Anjali Joshi is an accomplished technology executive and electrical engineer who has held important leadership roles in several high-growth companies. Joshi is an eleven year veteran at Google, Inc. where she served as Vice President for Product Management. During her tenure at Google she led teams on marquee Google products such as Search and adapted cutting edge technologies to solve major healthcare issues in underserved populations. Ms. Joshi received her B.Tech. in Electrical Engineering from IIT Kanpur in 1981. Following it, she went to the USA and obtained her master’s degree in Computer Engineering from the State University of New York and another master’s in Engineering Management from Stanford University.
When: June 17, 1999
“Evolutionary Fits and Survival for Gene Therapy and Drug Design”
Gary Nolan, Ph.D.
(Assistant Professor Departments of Molecular Pharmacology, Microbiology and Immunology, Stanford School of Medicine, founder of Rigel Inc.)
1993-present Assistant Professor
(March 1993-present) Department of Molecular Pharmacology, Stanford University School of Medicine
1995-present Assistant Professor (September 1995-present), Joint Appointment Department of Microbiology and Immunology, Stanford University School of Medicine
Rel and Ankyrin proteins in the regulation of pathologic disease states: HIV and Leukemia. Multi-parameter single cell measures of gene regulation by flow cytometric analysis. Dominant negative analysis of NF-kB signal transduction cascades. High-Titre retroviral production systems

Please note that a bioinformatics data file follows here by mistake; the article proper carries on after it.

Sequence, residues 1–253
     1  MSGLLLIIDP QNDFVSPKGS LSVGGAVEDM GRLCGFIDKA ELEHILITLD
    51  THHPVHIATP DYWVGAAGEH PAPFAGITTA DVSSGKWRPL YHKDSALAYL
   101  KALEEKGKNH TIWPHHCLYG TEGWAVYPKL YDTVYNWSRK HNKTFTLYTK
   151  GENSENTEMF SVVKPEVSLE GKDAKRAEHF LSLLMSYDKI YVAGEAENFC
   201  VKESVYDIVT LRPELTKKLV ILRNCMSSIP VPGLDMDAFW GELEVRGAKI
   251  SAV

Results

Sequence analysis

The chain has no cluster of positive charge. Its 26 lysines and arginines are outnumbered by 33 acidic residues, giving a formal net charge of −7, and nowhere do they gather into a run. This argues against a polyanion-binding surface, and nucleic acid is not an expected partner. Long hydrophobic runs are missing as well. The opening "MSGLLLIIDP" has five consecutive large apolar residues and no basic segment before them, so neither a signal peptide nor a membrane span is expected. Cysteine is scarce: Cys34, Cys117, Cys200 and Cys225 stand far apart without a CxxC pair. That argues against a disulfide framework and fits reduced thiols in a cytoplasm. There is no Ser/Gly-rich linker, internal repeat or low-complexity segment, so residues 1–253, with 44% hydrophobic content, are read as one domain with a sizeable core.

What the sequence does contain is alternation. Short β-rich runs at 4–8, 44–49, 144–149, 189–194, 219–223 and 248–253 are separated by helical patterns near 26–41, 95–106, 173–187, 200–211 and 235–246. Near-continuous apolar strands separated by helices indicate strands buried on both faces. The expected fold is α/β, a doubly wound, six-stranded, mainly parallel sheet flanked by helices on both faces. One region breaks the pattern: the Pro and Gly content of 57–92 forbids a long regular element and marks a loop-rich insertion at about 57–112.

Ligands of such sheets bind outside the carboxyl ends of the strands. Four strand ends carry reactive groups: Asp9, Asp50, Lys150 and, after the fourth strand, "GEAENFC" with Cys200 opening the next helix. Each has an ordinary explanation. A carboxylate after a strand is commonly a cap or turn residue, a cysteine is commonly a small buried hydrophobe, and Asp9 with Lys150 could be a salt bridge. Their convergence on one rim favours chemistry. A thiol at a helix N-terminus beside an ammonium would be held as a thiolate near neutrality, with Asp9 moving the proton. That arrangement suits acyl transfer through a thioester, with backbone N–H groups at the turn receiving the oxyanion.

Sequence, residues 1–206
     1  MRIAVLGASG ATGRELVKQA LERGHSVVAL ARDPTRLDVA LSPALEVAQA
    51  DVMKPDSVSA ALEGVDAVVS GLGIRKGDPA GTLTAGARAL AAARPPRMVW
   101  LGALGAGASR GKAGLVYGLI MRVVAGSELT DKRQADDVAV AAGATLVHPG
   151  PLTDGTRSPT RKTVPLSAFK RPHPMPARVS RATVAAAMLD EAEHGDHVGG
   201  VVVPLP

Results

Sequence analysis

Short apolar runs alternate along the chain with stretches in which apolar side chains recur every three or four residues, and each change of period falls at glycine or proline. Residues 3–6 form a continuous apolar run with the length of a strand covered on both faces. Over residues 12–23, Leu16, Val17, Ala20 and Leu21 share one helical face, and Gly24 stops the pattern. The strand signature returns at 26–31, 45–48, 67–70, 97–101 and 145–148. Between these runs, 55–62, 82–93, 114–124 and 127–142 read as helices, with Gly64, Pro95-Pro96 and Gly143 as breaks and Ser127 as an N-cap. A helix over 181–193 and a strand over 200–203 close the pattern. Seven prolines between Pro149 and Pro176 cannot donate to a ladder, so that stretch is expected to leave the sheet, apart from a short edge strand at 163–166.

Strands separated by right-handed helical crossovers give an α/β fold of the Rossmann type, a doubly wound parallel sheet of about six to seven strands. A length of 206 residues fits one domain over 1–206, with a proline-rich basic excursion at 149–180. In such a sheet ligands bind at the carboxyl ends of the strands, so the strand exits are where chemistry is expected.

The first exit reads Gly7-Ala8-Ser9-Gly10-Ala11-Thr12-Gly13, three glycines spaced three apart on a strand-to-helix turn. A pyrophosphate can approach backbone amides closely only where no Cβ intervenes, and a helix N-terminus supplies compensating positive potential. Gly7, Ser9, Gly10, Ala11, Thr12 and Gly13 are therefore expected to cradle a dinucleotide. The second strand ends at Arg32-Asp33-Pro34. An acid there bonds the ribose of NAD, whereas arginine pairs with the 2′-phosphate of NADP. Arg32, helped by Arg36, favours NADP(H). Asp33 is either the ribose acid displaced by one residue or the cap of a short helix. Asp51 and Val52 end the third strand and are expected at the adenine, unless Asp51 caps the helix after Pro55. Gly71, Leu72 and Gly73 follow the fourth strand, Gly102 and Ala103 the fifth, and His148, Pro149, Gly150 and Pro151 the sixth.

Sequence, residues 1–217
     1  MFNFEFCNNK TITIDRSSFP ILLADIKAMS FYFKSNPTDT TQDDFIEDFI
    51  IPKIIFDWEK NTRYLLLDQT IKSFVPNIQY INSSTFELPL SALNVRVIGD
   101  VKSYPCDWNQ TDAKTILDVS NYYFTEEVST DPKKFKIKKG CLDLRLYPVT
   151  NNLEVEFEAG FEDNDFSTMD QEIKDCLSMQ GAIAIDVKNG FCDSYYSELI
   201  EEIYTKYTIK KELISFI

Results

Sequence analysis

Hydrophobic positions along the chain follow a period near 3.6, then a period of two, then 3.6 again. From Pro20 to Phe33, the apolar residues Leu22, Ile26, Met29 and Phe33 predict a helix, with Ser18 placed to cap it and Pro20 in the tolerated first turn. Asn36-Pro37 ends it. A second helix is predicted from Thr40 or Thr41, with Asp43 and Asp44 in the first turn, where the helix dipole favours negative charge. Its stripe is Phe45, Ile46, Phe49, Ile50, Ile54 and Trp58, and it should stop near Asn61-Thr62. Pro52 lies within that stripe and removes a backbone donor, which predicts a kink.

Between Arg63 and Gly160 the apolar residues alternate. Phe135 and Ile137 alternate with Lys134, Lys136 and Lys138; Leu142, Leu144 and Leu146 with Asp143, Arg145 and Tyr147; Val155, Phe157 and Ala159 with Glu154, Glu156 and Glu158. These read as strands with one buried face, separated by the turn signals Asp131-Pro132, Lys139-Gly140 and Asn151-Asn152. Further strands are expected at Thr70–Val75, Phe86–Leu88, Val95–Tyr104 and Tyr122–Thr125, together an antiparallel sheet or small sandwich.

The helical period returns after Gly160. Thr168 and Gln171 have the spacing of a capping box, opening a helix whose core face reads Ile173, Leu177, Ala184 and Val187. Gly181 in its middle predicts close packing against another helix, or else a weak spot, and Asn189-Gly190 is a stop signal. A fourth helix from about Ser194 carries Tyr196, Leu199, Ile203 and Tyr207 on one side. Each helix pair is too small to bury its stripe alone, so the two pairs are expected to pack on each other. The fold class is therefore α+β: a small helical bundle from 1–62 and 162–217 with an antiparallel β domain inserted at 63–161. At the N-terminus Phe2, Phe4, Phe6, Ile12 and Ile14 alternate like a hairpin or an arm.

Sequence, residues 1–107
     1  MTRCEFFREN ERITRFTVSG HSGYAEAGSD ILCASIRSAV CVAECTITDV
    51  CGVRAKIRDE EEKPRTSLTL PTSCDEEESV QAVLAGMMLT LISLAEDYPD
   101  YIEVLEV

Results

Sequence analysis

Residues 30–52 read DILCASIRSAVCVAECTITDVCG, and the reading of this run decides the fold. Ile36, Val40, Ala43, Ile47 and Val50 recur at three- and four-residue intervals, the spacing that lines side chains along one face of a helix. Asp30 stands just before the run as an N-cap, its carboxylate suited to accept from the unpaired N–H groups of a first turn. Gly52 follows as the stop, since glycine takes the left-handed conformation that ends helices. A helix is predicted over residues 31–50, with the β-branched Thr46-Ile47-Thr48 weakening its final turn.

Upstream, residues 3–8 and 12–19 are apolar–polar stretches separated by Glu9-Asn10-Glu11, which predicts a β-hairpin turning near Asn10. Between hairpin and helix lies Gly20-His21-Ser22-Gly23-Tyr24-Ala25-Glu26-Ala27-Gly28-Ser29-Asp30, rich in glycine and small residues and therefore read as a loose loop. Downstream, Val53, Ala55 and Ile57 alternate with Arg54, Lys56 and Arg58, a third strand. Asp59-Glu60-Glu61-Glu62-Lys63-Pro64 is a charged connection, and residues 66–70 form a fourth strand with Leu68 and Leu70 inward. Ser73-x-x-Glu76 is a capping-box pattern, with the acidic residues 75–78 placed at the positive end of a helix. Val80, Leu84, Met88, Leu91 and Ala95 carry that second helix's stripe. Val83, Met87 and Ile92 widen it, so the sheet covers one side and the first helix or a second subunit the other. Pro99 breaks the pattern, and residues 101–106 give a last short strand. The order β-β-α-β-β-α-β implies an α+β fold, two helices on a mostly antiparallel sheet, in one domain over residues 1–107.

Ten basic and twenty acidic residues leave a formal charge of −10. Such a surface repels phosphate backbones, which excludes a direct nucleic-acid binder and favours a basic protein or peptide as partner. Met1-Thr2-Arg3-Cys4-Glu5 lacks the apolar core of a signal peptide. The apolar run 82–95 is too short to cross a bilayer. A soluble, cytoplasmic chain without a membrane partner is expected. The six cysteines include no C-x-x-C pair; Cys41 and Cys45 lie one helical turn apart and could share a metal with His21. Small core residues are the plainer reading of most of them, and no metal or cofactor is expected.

Honors and Awards (Partial list)
Leukemia Society Special Fellow: July 1992-June 1995.
Leukemia Society Scholar Award: July 1995-June 2000.
Hume Faculty Scholar: 1993-1998
Board of Trustees, Leukemia Society of America, Northern California: 1995-1998.
1996 Burroughs Wellcome Fund New Investigator Award: July 1996 – June 2000.
Stanford University: Howard Hughes Medical Institute Junior Faculty Scholar Award. May 1997 – April 1998
Our laboratory focuses on signal transduction and gene regulation using the NFAT/Rel and IkB/ankyrin families of transcriptional regulators. Rel/ankyrin polypeptide complexes regulate transcription of numerous genes important to immune system function and cell division, including IL-2, IL-6, IFN-b, c-myc and HIV. Importantly, HIV-I, the causative agent of AIDS, parasitizes Rel/ankyrin complexes for its transcriptional enhancer elements. Rel/ankyrin polypeptides form complexes in the cytoplasm and nucleus of cells. Upon appropriate cellular stimulation, the complexes can be induced to move from the cytoplasm to the nucleus, undergo tertiary structural changes while binding DNA, or assume transcriptionally-active DNA-bound forms. Under certain conditions, the Rel/ankyrin proteins have pathologic activities and can lead to the causation of leukemia and other cancers.
In our laboratory we utilize techniques for the study of protein-protein association, protein DNA dialectic interaction, and transcriptional regulation during differentiation of B- and T- immune system cells. We employ genetical and biochemical approaches, including novel technology for the analysis of transcription with complex populations of living cells using Fluorescence-Activated Cell Sorter (FACS) and retroviral library technologies for intracellular combinatorial chemistry. We have developed techniques for delivering libraries of cDNAs to cells using retroviral libraries for complementation cloning. Finally, the laboratory focuses on the use of retroviruses for gene therapy applications and has developed a variety of novel approaches for generating recombinant retroviruses.